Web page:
Rating Agency, Moody’s, has described the sale of Bank of Cyprus subsidiary, Bank of Cyprus UK, as credit positive, noting that the sale would place Bank of Cyprus in a better position to focus on reducing its domestic high stock of problematic loans.
Bank of Cyprus announced last Tuesday it signed a binding agreement to sell Bank of Cyprus UK to Cyenergy Capital Limited, owned by a consortium of UK-based investors, a sale for a consideration of €117 million and a profit of €3 million. The sale is expected to increase Bank of Cyprus’ CET1 Capital by around 65 basis points to 12.65% as of March 2018, the agency said.
“The sale of UK operations amid Brexit uncertainty will allow Bank of Cyprus’ management to focus on tackling its domestic operations significant asset quality issues. The increased capital strengthens the bank’s balance sheet and increases the chances of a possible sale of problem loans, which management is exploring,” Moody’s said in its bi-weekly Credit Outlook.
Moody’s noted that Bank of Cyprus’ organic nonperforming exposures (NPEs) were down 45% to €8.35 billion as of March 2018 from a peak of €15.2 billion in March 2015, highlighting however that the bank’s NPEs to gross loans remains among the highest of Moody’s-rated banks and is a key credit challenge, while the stock of provisions against these troubled loans, at around 50%, is relatively low.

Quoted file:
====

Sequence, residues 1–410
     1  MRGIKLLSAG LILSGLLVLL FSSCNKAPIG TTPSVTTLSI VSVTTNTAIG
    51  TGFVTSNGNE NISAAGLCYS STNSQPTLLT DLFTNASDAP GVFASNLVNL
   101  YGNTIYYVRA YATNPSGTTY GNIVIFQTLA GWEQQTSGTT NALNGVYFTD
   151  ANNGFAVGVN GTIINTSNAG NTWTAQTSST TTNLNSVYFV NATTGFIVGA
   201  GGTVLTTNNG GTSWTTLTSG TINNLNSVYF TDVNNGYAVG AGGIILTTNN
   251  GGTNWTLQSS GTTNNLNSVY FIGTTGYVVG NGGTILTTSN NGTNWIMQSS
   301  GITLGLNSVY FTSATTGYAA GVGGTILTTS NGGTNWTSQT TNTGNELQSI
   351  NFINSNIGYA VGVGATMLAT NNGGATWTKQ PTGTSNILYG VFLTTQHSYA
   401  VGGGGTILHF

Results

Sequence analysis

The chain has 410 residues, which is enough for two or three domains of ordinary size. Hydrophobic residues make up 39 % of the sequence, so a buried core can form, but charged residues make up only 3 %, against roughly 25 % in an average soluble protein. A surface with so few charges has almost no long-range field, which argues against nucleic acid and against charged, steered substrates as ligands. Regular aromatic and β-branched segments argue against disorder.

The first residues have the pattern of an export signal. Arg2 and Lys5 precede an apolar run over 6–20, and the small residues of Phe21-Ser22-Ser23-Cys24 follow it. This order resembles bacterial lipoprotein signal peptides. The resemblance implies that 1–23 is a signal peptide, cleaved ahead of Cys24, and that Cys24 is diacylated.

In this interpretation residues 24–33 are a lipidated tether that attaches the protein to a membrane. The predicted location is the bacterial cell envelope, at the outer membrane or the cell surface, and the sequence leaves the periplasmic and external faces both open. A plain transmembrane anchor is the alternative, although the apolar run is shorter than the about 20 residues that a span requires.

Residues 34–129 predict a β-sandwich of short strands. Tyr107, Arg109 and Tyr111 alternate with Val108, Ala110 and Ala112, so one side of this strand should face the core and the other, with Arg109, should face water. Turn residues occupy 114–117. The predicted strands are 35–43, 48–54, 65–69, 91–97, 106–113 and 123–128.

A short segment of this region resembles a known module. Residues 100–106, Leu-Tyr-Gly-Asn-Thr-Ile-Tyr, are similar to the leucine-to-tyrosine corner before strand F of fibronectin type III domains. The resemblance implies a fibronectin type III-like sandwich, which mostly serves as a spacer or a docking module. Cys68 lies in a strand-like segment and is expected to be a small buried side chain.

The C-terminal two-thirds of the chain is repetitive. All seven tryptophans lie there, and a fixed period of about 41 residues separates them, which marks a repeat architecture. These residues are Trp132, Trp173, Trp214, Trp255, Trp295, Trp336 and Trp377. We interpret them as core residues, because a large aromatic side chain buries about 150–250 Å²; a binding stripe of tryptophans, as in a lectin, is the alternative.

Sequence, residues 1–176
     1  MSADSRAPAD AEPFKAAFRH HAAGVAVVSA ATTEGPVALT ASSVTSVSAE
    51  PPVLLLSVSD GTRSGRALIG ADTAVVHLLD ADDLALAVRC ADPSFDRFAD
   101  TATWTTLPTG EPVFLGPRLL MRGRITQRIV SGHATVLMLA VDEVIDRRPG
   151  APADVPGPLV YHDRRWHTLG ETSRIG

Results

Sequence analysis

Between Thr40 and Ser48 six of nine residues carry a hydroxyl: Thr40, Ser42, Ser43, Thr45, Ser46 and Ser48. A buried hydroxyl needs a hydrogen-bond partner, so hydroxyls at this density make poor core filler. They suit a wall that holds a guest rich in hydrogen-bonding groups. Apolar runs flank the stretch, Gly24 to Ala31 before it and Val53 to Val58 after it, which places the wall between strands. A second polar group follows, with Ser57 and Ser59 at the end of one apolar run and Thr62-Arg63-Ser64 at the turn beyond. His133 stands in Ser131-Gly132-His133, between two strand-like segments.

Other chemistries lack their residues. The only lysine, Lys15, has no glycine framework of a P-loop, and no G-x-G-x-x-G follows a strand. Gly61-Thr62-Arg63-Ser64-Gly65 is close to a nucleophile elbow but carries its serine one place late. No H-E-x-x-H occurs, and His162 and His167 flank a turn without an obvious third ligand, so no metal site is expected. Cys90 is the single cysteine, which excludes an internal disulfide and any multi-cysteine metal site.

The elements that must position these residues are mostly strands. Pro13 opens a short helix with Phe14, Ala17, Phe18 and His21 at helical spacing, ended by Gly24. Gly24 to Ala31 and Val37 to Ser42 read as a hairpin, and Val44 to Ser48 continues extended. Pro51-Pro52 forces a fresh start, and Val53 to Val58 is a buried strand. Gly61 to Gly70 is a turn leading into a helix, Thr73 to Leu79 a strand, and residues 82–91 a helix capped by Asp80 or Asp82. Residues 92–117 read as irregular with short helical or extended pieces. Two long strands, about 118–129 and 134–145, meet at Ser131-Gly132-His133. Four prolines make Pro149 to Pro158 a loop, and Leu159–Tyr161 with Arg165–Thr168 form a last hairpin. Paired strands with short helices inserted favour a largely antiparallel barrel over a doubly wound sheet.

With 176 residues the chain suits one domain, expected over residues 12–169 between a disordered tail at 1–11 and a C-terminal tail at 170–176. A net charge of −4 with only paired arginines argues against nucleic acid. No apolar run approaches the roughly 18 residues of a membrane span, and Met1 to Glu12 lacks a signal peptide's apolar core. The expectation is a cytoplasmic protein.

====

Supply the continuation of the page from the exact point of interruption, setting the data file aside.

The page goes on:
Due to the UK loan book’s better quality, Moody’s estimates that the bank’s pro forma NPE/gross loan ratio as of March 2018 will increase to 49.6% from the 44.9% reported in first-quarter 2018.
Nevertheless, the agency added, the bank maintains its target for the ratio’s decline to below 40% by year-end and below 25% over the next three years, excluding any possible accelerated risk-reduction transactions that the bank is currently exploring.
The sale of the UK operations continues its deleveraging trend since 2012, although the bank`s size will remain significant relative to Cyprus` economy. The sale will reduce Bank of Cyprus` total assets by around €2 billion to €21.4 billion, around 110% of the country’s GDP, Moody’s said.